Desiccation tolerance is one of the most outstanding features found in the plant kingdom. Seeds that possess such attribute, the so-called orthodox seeds, can be dried and stored for many years without significant loss of viability. Seeds that lack this characteristic, the so-called recalcitrant seeds, represent a big challenge for those who need to keep them in seed banks for germplasm conservation purposes. In order to gain insight into the theme, we study physiological, cytological and molecular aspects of desiccation sensitivity in seeds of Medicago truncatula, a legume model, orthodox-seeded species. Germinated orthodox seeds can be a useful model system for studies on desiccation sensitivity based on the fact that upon germination, orthodox seeds lose desiccation tolerance progressively and become comparable to the recalcitrant types.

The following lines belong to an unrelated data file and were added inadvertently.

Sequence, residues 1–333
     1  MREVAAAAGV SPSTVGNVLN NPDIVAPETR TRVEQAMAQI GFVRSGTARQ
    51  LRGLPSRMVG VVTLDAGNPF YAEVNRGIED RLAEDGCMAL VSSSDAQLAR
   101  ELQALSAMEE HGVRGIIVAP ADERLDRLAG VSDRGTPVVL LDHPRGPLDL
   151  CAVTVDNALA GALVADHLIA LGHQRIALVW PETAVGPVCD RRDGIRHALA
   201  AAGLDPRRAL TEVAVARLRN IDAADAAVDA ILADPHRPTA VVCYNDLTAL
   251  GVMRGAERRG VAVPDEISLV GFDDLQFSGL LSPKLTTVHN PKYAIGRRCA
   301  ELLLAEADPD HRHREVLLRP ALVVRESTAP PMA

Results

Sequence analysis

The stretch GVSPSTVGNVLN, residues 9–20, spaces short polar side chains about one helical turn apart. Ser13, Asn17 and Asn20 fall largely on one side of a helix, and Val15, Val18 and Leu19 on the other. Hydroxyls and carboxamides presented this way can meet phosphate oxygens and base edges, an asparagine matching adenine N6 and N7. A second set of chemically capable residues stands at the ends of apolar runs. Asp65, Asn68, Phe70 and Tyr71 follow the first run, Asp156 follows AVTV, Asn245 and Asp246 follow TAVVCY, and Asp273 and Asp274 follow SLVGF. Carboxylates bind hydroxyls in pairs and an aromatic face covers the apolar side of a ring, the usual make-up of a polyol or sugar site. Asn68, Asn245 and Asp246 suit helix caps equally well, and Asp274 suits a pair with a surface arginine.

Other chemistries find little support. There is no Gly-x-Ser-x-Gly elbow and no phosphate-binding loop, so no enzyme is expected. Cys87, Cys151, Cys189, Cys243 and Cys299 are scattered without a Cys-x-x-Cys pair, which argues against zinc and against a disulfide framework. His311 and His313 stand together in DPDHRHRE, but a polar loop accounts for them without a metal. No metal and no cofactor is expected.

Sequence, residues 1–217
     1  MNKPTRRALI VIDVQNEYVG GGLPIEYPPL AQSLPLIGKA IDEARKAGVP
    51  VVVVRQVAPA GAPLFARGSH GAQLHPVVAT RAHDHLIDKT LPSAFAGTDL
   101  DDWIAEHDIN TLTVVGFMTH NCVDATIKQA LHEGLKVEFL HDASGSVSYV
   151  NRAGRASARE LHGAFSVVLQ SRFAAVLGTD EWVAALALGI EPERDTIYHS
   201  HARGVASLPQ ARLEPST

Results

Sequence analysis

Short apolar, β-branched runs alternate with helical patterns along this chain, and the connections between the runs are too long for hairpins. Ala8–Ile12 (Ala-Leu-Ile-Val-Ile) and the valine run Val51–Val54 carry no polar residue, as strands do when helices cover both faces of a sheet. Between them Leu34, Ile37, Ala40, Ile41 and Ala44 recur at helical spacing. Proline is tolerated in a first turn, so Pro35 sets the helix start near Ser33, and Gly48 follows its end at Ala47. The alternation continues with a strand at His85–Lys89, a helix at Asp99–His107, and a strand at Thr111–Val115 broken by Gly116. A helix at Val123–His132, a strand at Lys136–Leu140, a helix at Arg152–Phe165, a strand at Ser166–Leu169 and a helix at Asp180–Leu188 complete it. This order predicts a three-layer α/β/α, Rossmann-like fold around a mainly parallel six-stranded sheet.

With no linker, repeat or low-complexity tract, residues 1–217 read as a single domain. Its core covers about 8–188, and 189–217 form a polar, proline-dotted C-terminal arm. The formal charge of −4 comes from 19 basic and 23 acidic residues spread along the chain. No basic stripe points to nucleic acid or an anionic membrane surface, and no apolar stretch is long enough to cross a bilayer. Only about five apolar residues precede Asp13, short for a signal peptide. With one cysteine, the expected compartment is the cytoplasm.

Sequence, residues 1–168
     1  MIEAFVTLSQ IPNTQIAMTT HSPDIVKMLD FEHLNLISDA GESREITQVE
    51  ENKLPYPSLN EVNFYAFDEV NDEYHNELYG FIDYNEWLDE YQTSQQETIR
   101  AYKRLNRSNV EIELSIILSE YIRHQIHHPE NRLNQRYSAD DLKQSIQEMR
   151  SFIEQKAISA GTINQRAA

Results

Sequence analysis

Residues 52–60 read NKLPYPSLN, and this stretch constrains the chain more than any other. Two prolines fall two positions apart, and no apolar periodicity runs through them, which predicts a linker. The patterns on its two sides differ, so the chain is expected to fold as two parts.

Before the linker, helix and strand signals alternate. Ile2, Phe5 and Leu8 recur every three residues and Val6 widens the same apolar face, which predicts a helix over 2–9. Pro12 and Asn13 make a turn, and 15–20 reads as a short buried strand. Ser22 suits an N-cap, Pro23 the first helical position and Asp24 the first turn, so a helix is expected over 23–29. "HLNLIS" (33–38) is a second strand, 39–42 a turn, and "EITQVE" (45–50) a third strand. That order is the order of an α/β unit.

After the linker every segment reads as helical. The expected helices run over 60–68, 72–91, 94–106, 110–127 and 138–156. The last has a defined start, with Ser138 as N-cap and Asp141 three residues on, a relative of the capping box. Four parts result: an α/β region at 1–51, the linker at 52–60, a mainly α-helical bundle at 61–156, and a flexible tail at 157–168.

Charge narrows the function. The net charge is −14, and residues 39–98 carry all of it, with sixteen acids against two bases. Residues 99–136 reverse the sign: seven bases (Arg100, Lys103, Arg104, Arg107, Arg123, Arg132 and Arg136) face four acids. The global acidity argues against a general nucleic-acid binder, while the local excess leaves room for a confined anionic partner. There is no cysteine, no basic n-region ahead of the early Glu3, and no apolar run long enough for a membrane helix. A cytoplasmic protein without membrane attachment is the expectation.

Various mild stresses, such as drying, osmoticum, cold- and heat-shock, and exogenous ABA, have shown to be capable to confer or increase desiccation tolerance on germinated orthodox seeds. It is reasonable to hypothesize that such treatments could have similar effects on recalcitrant seeds, reducing partially their desiccation sensitivity and/or increasing their storability. Previously, we have developed a desiccation tolerance rescuing system in Medicago seeds, which allows studying embryonic cells in their desiccation tolerant and -sensitive states. We are interested in the role of the cytoskeleton in conferring and maintaining desiccation tolerance. In this project we collaborate with the Lab of Plant Cell Biology at WUR.
Loss and reestablishment of desiccation tolerance of germinated seeds